With the lockdown extended recently, their worries too have grown that if lockdown gets stretched further in the future, they will not be able to hide their pregnancy (if they are pregnant) as the telltale signs of pregnancy will start to show and family will realize what is happening. 

Even if necessary precautions have been taken for safe sex, the youngsters are looping in circles of worry about being pregnant only because their periods are unusually delayed. Given the drastic lifestyle changes that lockdown has brought about where sleep cycle, dietary habits and metabolic rates have all gone for a toss, the menstrual cycle is playing havoc with the youth’s anxiety levels. 

Aisha strongly felt that telemedicine guidelines, in its current form, are not addressing many challenges on the ground when it comes to access to safe abortion. She said, “the existing guidelines on telemedicine poses problems as it does not permit giving medical abortion pills. For doctors, they need scan results for abortion. Most scanning centres are non-functional during the lockdown and if they are functional the question of access during the lockdown remains.”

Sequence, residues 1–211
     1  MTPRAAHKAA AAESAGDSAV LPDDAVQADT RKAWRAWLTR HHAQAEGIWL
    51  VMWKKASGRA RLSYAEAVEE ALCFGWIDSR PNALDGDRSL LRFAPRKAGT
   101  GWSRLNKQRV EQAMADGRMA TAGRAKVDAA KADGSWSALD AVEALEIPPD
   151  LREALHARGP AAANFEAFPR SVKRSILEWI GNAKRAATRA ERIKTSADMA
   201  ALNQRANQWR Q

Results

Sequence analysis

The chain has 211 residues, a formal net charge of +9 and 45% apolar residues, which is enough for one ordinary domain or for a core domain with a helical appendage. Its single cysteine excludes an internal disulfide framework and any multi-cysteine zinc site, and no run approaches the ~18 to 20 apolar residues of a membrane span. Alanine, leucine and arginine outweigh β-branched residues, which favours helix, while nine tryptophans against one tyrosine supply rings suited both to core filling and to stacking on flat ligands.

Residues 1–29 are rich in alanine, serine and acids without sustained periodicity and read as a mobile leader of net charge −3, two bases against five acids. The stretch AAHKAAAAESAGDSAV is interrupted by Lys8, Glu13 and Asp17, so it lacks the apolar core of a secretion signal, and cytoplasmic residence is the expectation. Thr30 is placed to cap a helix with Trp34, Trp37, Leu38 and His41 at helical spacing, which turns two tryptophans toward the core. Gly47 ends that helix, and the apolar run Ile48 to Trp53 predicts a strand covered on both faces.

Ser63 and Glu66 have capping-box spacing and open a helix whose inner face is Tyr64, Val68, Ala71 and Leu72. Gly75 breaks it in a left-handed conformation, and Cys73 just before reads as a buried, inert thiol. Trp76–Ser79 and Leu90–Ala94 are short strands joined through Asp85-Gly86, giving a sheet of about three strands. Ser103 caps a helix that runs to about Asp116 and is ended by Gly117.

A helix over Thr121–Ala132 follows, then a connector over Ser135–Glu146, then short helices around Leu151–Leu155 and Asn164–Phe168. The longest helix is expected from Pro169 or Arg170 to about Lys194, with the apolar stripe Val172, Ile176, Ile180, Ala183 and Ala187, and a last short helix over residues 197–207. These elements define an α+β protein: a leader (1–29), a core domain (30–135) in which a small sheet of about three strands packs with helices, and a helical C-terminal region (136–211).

With every passing day of the lockdown, the number of youngsters who reach out to Careline services of Hidden Pockets Collective is skyrocketing. As much as she wants to help them, Aisha feels her hands are tied because of the ground realities of lockdown. “Even if the government is not listening to the pleas of organizations like us and make the needed changes to the guidelines that can ensure safe access to abortion, then at least bring in as many senior doctors as possible who have vast experience to just have conversations through telemedicine with these youngsters. The reassurance these senior doctors can give to the patients can bring a lot of relief to them,” she emphatically added.